Abuse Hides in the Dark. Turn on Your Light.

Depression Symptoms Show the Effects of Domestic Abuse

A man with depression symptoms that show the effects of verbal abuse

Depression symptoms and the effects of domestic abuse are eerily similar. Domestic abuse causes unhealthy thinking habits. Then the thinking habits become depression symptoms. Let’s explore several symptoms of depression followed by thoughts on how domestic abuse influences or causes those depression symptoms.

It’s important to talk to your doctor about depression if any of the following observations seem familiar. More importantly, talk to your doctor if the symptoms of depression and domestic abuse interrupt your daily life. There is help for depression, and the sooner you seek it, the better.

Depression Symptoms vs. Effects of Abuse

Bold font indicates depression symptoms.

Cognitive Depression Symptoms

Difficulty concentrating could arise from the abuser’s use of repeated interruptions. Interruptions cause you to lose your place, perhaps forget what you were saying or doing, and you must pick up where you left off. These interruptions occur

  • during arguments
  • when the victim tries to do something for anyone other than the controller
  • when you’re engaged in something interesting or of value to only you

Difficulty remembering details shows evidence of the abuser’s habit of remaking of history. Abusers vehemently insist that the victim’s memories are wrong (even when they’re not). This causes a person to doubt that they can remember details.

Difficulty making decisions arises out of habit. Abusers criticize most of their victims decisions. Abuse victims come to believe that nothing they decide will be the correct choice. After that, decision-making becomes tough and anxiety provoking.

Loss of interest in activities or hobbies once pleasurable can come about after the abuser’s incessant badgering and need to detach the victim from what makes him or her happy and strong. Besides that, the demanding nature of living with an abusive partner sucks the life out of a person. This makes any pleasurable activity a luxury the victim can’t afford to spend energy doing.

Thoughts of suicide, suicide attempts also plague many victims of domestic abuse. The victims become increasingly hopeless that there is a way to ever feel good again. Also, although looking hard for a solution to their relationship problems, they aren’t able to find any. Besides that, the abuser might say “We’d be better off without you. You’re a terrible mother!” or similar statements.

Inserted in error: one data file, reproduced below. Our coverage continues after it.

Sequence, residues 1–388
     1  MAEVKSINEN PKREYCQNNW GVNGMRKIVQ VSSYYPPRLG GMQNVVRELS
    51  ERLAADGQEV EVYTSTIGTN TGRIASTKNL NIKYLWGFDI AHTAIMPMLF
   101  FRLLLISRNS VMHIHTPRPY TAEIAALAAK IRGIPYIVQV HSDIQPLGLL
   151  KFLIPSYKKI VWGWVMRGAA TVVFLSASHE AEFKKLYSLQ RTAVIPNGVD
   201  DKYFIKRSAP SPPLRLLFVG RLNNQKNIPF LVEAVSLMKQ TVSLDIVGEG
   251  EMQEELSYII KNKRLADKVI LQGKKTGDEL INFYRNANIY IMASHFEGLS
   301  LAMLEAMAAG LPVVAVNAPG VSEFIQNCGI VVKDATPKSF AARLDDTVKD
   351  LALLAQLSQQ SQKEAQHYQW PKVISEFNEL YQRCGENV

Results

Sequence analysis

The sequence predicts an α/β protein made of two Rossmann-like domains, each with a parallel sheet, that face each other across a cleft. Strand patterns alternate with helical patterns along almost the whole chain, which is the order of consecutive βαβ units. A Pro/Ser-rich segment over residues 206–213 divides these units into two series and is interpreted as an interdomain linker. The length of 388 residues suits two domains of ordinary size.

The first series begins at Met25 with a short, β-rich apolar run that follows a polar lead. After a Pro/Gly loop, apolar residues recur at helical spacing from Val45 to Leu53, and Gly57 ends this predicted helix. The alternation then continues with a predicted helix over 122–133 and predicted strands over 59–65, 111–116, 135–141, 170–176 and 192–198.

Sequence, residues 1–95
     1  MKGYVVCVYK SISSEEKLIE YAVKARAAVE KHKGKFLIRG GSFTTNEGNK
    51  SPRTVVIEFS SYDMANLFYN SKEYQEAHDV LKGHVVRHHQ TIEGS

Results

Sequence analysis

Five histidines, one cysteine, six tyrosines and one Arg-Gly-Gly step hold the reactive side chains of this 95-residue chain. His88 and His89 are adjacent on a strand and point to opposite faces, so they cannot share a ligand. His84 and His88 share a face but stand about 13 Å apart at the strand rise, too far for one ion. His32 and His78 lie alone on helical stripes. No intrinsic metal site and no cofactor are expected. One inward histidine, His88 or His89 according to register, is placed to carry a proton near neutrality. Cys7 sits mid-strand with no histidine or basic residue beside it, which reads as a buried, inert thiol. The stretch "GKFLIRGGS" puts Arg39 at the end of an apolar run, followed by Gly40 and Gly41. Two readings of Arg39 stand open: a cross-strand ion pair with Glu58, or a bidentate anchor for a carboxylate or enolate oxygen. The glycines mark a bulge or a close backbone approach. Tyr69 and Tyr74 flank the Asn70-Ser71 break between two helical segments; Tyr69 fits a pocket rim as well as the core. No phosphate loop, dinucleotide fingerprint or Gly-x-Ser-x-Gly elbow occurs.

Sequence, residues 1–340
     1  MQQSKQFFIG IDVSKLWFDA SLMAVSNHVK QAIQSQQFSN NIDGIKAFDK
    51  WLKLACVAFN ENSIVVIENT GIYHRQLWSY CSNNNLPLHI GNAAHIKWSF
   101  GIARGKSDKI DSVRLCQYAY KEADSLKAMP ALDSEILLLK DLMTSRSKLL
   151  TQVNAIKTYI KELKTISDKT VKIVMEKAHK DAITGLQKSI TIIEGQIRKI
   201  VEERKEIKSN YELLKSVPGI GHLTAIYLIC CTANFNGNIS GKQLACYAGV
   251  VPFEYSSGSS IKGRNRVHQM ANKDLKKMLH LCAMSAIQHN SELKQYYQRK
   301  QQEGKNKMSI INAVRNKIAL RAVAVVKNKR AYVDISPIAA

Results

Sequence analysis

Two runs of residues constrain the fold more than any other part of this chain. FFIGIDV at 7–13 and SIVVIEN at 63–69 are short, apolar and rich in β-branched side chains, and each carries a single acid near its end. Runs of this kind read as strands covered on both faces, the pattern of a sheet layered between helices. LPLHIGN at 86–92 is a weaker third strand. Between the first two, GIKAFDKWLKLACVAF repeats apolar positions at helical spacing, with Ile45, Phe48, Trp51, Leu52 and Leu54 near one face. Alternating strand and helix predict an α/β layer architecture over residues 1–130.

Emotional Depression Symptoms

Feelings of guilt, worthlessness, and/or helplessness result from what an abuser says and does to the victim of abuse. Helpless people often have low self-worth and feel guilty for simply being who they are. Victims are much easier to control when they feel this way.

Feelings of hopelessness and/or pessimism result from feeling guilty, worthless, and helpless. Similarly, those feelings can result from the abuser’s attitude transferring to the victim.

Persistent sad, anxious, or “empty” feelings are hallmark signs that a victim feels “with no reason.” First of all, the abusive partner tells the victim they shouldn’t feel bad — ever — because the abuser provides them with more than enough reasons to stay happy. Secondly, especially before a victim realizes he or she suffers under abuse, those feelings are warnings from the subconscious that something isn’t right.

Physical Depression Symptoms

Insomnia, excessive sleeping, fatigue, and decreased energy highlight the result of unending stress caused by abuse. The act of living becomes extremely stressful. Additionally, some abusers purposefully disrupt a victim’s sleep, which can cause the symptoms, too.

Irritability and restlessness can evolve after sleep disruption, anxiety, and other symptoms of domestic abuse.

Overeating along with substance abuse can become coping mechanisms for domestic abuse victims. In the case of appetite loss, it could happen due to the stress of abuse. Alternatively, losing weight or gaining it could be a sign of an eating disorder. Many people with eating disorders develop them out of a need to control ‘something’ in their lives. Abusers don’t want victims to control anything.

Persistent aches or pains, headaches, cramps, or digestive problems that do not ease with treatment are also side effects of stress caused by abusive relationships.

I believe the abuse I suffered at home triggered — probably created — my depression. The domestic abuse would have happened because of who I married. But maybe the depression didn’t have to happen.

The effects of abuse relate directly to depression symptoms. If you want to know how abusers create these effects, you can learn about their techniques from Examples of Verbal Abuse.

See also: Verbal Abuse Symptoms In Long-Term Relationships

Featured photo by Christopher Lemercier